Gregory Heffley, the anti-heroic protagonist of Diary of a Wimpy Kid, thought middle school should be divided by height and weight instead of academic ability to avoid bullying.
His observations have been pointedly spot-on for Lighthouse Church School flag football this season. Drawing on a miniature school population of 60, they have stitched together a team to face towering muscle-bound opponents.
So the Lilliputians from Lighthouse took on another set of Gullivers and lost Tuesday 20-26 against Turning Point School at McManus Park.
“We had a great game. We stopped them on defense,” said LCS Coach Nate Scribner. “We lost by one touchdown, and that touchdown was my fault. They scored on an interception that was my fault. We made better blocks today. We have sixth graders playing against all these older guys.”
Lighthouse is just this year re-starting its flag football program. With inexperienced players jumbled together, it’s been difficult to get everyone doing their job proficiently. Sometimes kids run the wrong play. Blocking has been a downfall.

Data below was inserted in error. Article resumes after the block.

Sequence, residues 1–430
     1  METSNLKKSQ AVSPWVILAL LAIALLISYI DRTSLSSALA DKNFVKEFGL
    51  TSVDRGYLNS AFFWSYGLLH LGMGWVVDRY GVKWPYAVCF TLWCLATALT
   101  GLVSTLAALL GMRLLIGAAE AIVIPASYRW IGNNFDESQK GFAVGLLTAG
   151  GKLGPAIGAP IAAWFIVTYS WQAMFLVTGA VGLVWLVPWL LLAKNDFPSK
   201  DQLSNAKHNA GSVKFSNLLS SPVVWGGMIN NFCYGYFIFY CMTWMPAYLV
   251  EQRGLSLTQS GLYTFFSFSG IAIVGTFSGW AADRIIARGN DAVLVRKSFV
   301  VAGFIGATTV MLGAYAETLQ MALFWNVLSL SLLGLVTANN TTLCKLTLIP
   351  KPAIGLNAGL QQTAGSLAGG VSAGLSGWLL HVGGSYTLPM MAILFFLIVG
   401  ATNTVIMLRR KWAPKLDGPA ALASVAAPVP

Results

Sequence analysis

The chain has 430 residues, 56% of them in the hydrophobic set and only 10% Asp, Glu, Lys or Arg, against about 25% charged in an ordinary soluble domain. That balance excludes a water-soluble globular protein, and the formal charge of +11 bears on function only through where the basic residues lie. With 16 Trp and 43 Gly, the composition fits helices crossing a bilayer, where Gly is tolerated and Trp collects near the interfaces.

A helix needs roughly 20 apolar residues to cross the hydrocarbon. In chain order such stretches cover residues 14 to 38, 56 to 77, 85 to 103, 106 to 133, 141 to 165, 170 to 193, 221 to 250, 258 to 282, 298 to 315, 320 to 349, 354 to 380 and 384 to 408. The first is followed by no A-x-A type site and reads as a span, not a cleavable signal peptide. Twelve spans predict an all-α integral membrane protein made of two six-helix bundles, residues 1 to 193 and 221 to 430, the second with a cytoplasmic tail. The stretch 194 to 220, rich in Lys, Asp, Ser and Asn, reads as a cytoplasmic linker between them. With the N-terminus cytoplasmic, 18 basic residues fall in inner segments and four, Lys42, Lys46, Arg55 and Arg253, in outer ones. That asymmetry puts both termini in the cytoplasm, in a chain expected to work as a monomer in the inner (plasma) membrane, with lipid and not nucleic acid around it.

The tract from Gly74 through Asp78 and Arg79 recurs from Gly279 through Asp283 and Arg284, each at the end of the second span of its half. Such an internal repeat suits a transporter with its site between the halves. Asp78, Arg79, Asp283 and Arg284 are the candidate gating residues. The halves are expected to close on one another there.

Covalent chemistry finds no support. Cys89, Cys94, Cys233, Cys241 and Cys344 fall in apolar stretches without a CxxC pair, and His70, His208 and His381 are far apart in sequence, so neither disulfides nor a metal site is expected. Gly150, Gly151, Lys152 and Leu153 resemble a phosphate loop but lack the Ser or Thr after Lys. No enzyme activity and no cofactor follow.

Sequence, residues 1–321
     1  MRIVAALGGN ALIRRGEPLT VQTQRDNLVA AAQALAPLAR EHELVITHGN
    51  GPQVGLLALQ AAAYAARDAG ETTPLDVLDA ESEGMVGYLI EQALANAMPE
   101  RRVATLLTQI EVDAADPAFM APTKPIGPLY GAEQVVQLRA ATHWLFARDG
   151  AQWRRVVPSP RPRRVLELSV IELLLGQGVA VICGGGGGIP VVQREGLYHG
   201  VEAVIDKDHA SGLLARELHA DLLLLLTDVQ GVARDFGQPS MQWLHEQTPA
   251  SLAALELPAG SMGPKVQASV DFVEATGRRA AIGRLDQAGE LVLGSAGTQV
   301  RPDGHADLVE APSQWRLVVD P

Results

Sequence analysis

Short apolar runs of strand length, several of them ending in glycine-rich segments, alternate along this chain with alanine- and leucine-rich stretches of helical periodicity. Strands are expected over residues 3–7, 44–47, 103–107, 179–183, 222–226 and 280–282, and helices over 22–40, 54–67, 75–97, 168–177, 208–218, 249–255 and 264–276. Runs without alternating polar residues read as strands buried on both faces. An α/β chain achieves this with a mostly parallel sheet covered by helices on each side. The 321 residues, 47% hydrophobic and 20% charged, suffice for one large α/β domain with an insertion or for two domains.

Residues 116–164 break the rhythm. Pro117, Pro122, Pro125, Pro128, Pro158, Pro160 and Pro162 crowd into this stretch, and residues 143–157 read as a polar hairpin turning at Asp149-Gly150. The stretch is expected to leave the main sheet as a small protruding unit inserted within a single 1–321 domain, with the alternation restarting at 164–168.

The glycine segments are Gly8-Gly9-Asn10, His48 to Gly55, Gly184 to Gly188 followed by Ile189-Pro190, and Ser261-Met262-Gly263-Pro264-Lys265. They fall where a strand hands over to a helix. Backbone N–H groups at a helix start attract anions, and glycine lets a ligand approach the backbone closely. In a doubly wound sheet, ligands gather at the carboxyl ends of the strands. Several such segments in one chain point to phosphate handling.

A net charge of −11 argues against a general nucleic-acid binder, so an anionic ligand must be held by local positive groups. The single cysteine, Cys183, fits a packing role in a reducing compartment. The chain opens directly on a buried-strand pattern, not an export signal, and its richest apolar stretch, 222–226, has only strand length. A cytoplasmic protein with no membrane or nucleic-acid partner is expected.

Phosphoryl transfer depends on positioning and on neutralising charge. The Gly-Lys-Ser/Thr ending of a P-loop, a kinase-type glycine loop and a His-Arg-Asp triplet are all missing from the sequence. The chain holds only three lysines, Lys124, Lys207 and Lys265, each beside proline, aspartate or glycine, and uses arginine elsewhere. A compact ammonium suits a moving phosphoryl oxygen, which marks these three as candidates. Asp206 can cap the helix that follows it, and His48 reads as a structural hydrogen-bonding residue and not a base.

But through the patient work of the coaches, the team has slowly improved. In a game against Westside Neighborhood School on Sept. 29, the Saints strung together their first progression of plays leading to a touchdown.
Then on Oct. 6 against Crossroads B, they won.
Before half time, the Saints were marching in towards victory 12-7 when coach tried to score just more touchdown to fortify their lead. The fateful pass got picked, and the Saints were trailing at the half 14-12.
In the second half, the Tornadoes — with one player at 5’11” and two players almost as tall — were the first to score, but the Saints responded with a TD and with extra points tied the game at 20-20.
Turning Point scored and then time ran out on the Lighthouse push to counter the score.
“The kids should hold their heads up high,” Coach Nate said. “They pulled a lot of flags. Our guys are just beginning to grow and just beginning to figure out how to run. They played great. I hope they had fun. We should only remember those plays that worked right.” This story originally appeared on the Santa Monica Patch here.